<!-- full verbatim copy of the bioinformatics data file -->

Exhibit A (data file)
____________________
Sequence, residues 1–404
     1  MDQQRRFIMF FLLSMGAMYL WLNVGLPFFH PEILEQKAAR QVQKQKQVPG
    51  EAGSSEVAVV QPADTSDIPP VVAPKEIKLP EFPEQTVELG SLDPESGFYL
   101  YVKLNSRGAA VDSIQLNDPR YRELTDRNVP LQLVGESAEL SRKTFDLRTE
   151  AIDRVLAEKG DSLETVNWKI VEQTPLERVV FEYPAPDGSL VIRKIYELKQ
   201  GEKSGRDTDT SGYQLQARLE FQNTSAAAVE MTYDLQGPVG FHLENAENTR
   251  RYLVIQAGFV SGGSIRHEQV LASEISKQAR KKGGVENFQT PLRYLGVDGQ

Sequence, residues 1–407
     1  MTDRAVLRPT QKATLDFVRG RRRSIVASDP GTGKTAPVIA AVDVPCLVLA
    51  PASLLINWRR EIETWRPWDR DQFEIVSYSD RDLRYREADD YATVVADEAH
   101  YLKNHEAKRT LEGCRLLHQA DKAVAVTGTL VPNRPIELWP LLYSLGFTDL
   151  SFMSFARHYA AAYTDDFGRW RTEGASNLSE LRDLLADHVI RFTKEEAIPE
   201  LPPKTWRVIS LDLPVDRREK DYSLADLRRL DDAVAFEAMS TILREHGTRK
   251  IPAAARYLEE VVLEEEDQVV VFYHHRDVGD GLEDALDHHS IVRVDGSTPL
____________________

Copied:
Sequence, residues 1–404
     1  MDQQRRFIMF FLLSMGAMYL WLNVGLPFFH PEILEQKAAR QVQKQKQVPG
    51  EAGSSEVAVV QPADTSDIPP VVAPKEIKLP EFPEQTVELG SLDPESGFYL
   101  YVKLNSRGAA VDSIQLNDPR YRELTDRNVP LQLVGESAEL SRKTFDLRTE
   151  AIDRVLAEKG DSLETVNWKI VEQTPLERVV FEYPAPDGSL VIRKIYELKQ
   201  GEKSGRDTDT SGYQLQARLE FQNTSAAAVE MTYDLQGPVG FHLENAENTR
   251  RYLVIQAGFV SGGSIRHEQV LASEISKQAR KKGGVENFQT PLRYLGVDGQ

Sequence, residues 1–407
     1  MTDRAVLRPT QKATLDFVRG RRRSIVASDP GTGKTAPVIA AVDVPCLVLA
    51  PASLLINWRR EIETWRPWDR DQFEIVSYSD RDLRYREADD YATVVADEAH
   101  YLKNHEAKRT LEGCRLLHQA DKAVAVTGTL VPNRPIELWP LLYSLGFTDL
   151  SFMSFARHYA AAYTDDFGRW RTEGASNLSE LRDLLADHVI RFTKEEAIPE
   201  LPPKTWRVIS LDLPVDRREK DYSLADLRRL DDAVAFEAMS TILREHGTRK
   251  IPAAARYLEE VVLEEEDQVV VFYHHRDVGD GLEDALDHHS IVRVDGSTPL